I still think the poster is kind of busy, but to be honest, I’m so tired of it right now that I’m willing to let it go through the AiA peer review process and worry about it next week. It still needs alignment adjustments, and I’m not totally sold on the white font on the blue background, but it’s something!
Here are the pieces I like best:
Methods: All of our assessment pieces were part of a greater whole, and took place at various points throughout the semester. I was inspired by other AiA colleagues who took a timeline approach to their methods section and thought this was a nice compromise.
Research Question & Background: This was originally a long paragraph with background information about our First Year Seminar, our IL outcomes, and our assessment project. I decided that if someone really wanted the long story, they could visit our project website (which I’m in the process of developing) or just ask me more about it. I paired down the research description to the just the essential question and basic facts about the FYS and our involvement with it.
Results: This is just a portion of the results section, which was easily the most difficult section to develop. I’m still not totally pleased with it, but I wanted to try something other than bullet points and graphs. I don’t know if I did the right thing leaving out numbers and I may go back and change that, but again, I think if people want the finer details I can refer them to the project website with averages, t-test scores and correlation scores, right (I hope)?
What kind of posters are you working on for conferences this summer? What’s your approach to visualizing your research?
It’s a question we’ve all asked ourselves at one point or another. We might be under a tight deadline to create a presentation for a class or a series or brochures for an event. We weigh out our time constraints against the creativity raging inside our brains, our proficiency with design tools, and our desire to work on a particular design piece. Then we come back to our question: Do I DIY it or Prefab it?
At Librarian Design Share, April and I have made it a point to share original designs created by library-related folks for library-related purposes. Your designs are AH-MAZING (and of course we want to encourage you to keep ’em coming). We would of course, be remiss if we didn’t acknowledge the role that prefab designs play in our work. In fact, one could argue that, since all designs on Librarian Design Share are available for adaptation and resuse, this blog is in fact a sort of prefab design site.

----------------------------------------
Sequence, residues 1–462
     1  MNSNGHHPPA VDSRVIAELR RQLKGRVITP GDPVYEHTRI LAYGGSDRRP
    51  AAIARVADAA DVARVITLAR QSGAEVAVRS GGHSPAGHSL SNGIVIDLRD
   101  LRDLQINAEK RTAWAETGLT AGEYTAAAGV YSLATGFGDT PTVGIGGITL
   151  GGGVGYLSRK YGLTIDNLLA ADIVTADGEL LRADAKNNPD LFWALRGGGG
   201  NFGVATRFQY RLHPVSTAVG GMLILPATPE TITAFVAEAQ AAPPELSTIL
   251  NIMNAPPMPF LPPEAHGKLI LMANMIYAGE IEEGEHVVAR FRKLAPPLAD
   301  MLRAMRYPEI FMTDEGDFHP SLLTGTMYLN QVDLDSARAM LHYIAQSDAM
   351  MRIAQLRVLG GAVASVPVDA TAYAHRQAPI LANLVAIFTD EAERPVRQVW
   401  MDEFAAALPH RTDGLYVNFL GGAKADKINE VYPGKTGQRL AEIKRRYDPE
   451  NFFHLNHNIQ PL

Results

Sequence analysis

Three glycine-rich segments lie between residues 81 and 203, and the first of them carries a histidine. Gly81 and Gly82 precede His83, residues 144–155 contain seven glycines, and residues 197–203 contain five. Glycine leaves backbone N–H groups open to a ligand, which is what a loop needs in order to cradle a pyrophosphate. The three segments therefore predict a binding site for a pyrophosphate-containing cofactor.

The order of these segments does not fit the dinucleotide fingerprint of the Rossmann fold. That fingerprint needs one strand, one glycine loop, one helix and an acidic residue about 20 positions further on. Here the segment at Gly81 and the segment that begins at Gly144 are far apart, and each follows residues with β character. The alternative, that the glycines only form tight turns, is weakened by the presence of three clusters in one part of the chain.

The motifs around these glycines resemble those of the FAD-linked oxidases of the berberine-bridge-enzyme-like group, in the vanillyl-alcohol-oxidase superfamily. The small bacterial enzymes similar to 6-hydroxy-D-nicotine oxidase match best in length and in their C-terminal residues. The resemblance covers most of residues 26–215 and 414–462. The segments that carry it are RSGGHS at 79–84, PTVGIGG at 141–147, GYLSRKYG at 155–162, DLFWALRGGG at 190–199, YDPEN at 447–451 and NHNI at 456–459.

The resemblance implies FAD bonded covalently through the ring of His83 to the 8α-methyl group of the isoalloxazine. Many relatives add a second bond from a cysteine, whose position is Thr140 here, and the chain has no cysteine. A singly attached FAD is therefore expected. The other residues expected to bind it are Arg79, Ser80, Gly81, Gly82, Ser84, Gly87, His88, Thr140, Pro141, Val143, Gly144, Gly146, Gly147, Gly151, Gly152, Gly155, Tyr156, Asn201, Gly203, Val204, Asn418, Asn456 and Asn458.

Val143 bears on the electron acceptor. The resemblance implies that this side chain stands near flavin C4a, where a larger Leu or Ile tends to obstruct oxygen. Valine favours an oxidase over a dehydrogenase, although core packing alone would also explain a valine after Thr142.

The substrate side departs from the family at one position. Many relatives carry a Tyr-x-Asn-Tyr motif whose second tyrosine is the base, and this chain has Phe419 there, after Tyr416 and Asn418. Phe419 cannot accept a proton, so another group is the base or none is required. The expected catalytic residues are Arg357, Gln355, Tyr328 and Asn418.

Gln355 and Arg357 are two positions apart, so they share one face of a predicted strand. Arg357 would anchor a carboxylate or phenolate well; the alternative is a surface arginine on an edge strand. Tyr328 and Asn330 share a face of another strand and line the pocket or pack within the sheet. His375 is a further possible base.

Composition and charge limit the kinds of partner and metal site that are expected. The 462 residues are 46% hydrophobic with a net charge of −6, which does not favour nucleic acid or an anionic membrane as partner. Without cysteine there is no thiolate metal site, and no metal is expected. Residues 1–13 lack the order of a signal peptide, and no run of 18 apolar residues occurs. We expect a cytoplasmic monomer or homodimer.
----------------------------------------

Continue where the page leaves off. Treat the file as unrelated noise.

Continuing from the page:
If you aren’t familiar with traditional prefab design sites, just think of Microsoft Publisher or PowerPoint Templates on steroids. Some of the more popular flyer and infographic creation sites out there are ones like:
They offer a variety of attractive templates that can be customized to varying degrees to meet your design needs. Many retain some kind of a branding presence on the end result (a logo, a link to their homepage, etc.), but it’s a small price to pay for a good-looking end result. Some of these sites allow for much more customization than others. Piktochart is definitely on the more customizable end of the spectrum.
Take for example, Sarah Visintini, System Administrator at the Social Media Lab at Dalhousie Unviersity in Halifax, Nova Scotia, who used Piktochart to it’s most creative effect. Here are two infographic presentations she created using a blank Piktochart template and all of the many elements available through this site:
Using and infographic to present is a visually engaging way to relay information that takes you outside of the normal PowerPoint / Prezi mold.
So when do you use prefab sites? Or do you always DIY?
So much of the information that we gather about our libraries needs to be shared with our users, but just how do we share it? Meggan Frost, Public Services Librarian at Paul Smith’s College, has given us a great example of visually representing data gathered through the formal library assessment LibQual.
Here’s Meggan in her own words:
I created this conference-sized poster (4’x3’) to publicize the findings of our LibQUAL survey. We had incredibly high participation in the survey, and we wanted to make sure that our community understood that we took their responses seriously. I created this poster using InDesign. Initially, I had a hard time conceptualizing how I wanted to present the information. Because the poster is conference-sized, I found it hard to break out of “conference poster” design mode in the beginning. Once I realized that I actually wanted to design something more like an infographic, I was able to quickly sketch out a design that turned into the one you see here. This poster was prominently displayed at the front of the library this fall.
This infographic is much more powerful than the plots, charts, and text that typically makes up a library’s LibQual report, and turning it into a poster to share with her campus community further bolster’s her library’s user-focused attitude.
For the inDesign file of this poster, email Meggan Frost.
This infographic was created by staff at the Research Medical Library at MD Anderson Cancer Center to demonstrate the library’s role in assisting faculty to publish their research. Infographics have to tell a story, and working out the narrative was certainly the hardest part of creating this. If you would like the Publisher format of this document, contact April Aultman Becker.